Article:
Skip to comments.Saudi Arabia Under Pressure To Plan For Iraq Oil Disruption
Posted on 06/18/2014 5:59:09 AM PDT by thackney
When U.S. President Barack Obama spoke briefly on June 13 outside the White House on the deteriorating security situation in Iraq, he ruled out sending in U.S. troops, but said that he had instructed his national security team to prepare a range of other options.
While the potential use of force most likely consisting of airstrikes in some form is what made headlines, Obama also hinted at the fact that his administration was working behind the scenes to plan for a possible major disruption in Iraqi oil output, which accounts for some 3.5 percent of global supply.
One of our goals should be to make sure that in cooperation with other countries in the region, not only are we creating some sort of backstop in terms of whats happening inside of Iraq, but if there do end up being disruptions inside of Iraq, that some of the other producers in the Gulf are able to pick up the slack, Obama said.
Essentially, other producers in the Gulf really means Saudi Arabia, the only nation with significant spare capacity i.e. dormant oil capacity that can be ramped up at a moments notice.
Coincidentally, OPEC met last week before ISIS began is conquering drive across Iraq and decided to leave its oil production quota unchanged. Even before the shockingly quick deterioration of Iraqi security, global oil production was already coming dangerously close to just meeting demand (at current prices). In order to avoid a price surge later this year, Saudi Arabia was already going to have to increase production.
Now, with Iraqs production threatened, pressure on Saudi Arabia to raise outputs is even stronger.
(Excerpt) Read more at oilprice.com ...
That may have been the case before last week, but the danger of a major supply cutoff cannot be ruled out. Iraqs 3.3 million barrels per day exceeds what Saudi Arabia holds in spare capacity which stood at 1.96 million barrels per day in the first quarter.
It is unlikely that Iraq will lose all of its production, particularly since two-thirds of its capacity is located south of the current turmoil, but should a significant volume be cut off from global markets, Saudi Arabias ability to make up for it is questionable.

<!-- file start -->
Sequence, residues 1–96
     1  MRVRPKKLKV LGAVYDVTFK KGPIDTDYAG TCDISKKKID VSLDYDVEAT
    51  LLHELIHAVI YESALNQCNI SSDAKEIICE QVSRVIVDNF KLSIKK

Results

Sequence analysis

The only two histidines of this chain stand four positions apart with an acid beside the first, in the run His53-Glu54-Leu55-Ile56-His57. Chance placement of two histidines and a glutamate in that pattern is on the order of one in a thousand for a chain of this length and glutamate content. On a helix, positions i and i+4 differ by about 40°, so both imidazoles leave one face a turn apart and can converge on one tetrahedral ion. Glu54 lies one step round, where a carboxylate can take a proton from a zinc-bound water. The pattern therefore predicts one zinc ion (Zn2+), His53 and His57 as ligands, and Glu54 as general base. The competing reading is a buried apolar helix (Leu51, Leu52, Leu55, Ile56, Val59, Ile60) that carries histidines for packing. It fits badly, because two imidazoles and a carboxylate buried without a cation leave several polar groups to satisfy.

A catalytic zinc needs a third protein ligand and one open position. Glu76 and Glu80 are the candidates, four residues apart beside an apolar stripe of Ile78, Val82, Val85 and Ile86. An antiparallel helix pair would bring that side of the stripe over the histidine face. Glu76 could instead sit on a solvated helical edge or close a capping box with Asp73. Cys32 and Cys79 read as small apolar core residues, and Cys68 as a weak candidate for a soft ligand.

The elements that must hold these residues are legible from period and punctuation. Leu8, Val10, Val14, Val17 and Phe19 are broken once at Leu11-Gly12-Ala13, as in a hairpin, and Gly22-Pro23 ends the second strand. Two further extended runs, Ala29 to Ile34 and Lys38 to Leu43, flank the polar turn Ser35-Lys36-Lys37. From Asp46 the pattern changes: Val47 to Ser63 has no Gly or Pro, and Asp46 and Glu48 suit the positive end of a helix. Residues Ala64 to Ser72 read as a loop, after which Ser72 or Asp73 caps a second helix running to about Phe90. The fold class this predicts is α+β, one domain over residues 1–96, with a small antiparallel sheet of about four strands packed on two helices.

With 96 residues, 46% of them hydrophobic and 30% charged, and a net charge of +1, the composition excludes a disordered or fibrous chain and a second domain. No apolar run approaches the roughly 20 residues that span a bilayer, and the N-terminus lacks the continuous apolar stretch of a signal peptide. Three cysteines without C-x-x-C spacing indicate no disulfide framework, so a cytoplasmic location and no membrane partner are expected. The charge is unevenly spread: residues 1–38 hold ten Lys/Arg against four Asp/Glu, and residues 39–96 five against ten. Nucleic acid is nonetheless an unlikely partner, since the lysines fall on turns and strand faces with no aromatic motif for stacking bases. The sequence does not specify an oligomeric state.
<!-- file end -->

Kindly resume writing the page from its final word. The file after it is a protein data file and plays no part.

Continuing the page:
Iraq tightens security at oilfields in the south
A senior Iraqi security official said that Iraq has enforced security measures and deployed more troops guarding oil infrastructures and crude oil fields to help protect this vital sector from militants who seized control of a number of towns and cities over the past week.
Brigadier Moussa Abdul Hassan, chief of the South Oil Police, deployed additional forces around oil fields, power plants, drilling sites and the headquarters of oil companies.
The militants defeated the Iraqi army and took control of large areas of the north of the country, threatening to destabilise the whole country.
Abdul Hassan told Reuters: “We have doubled security measures to keep oilfield operations and companies 100 per cent safe. Now we have more than 100,000 oil policemen on ground on high alert, ready to protect energy facilities in the south.”
Approximately 71 per cent of Iraq’s oil reserves lie in the south, with Basra’s refineries exporting 2.5 million barrels of crude oil per day.
What a friggin idiot, or should I say genius? All of this going on and we learn that Canada approved the funding to reroute its intended pipeline now to the Pacific coast so it can go to China.
The transformation is virtually complete. Darth Vader wins this one.
The ideal state that the Kurds would like to see is an Iraq divided between its kurdish shia and sunni sections.
but that’s not what’s going to happen.
there’s too much oil in the shia section.
so once ISIS consolidates their control of the sunni section of the country they’ll invade the shia section. That battle will go on forever. Its hard to know how that will turn out. While the shia are more numerous and have plenty of money... they are much poorer fighters than the sunni soldiers.
Its said that ISIS now has about 2 billion dollars after several big bank heists in the iraqi north and syria. that will pay for a lot of weapons and a lot of soldiers.
How fast will this happen. Beats me. but oil prices have nowhere to go but up. this is great for oil companies but at some point it suck the oxygen out of growth in the world’s economy. If it happens too fast we’ll see a scenario like in 2008 where prices went up wildly in the summer and crashed in the fall
Not a reroute of the Keystone XL pipeline.
They are separate projects by separate companies and has been trying to get approval for quite a long time. Northern Gateway is by Enbridge, competition for TransCanada.
The $7-billion pipeline would be developed by Enbridge Inc., a major Canadian energy delivery company based in Calgary. Enbridge submitted its application for the pipeline to the National Energy Board in 2010.
I was only questioning his statement that Canada was funding the project, which would imply that Canada would own the pipeline.
Canada (government) is not funding the project, nor was it a reroute of the Keystone XL. Different projects, different companies, both have been trying to get approval for year.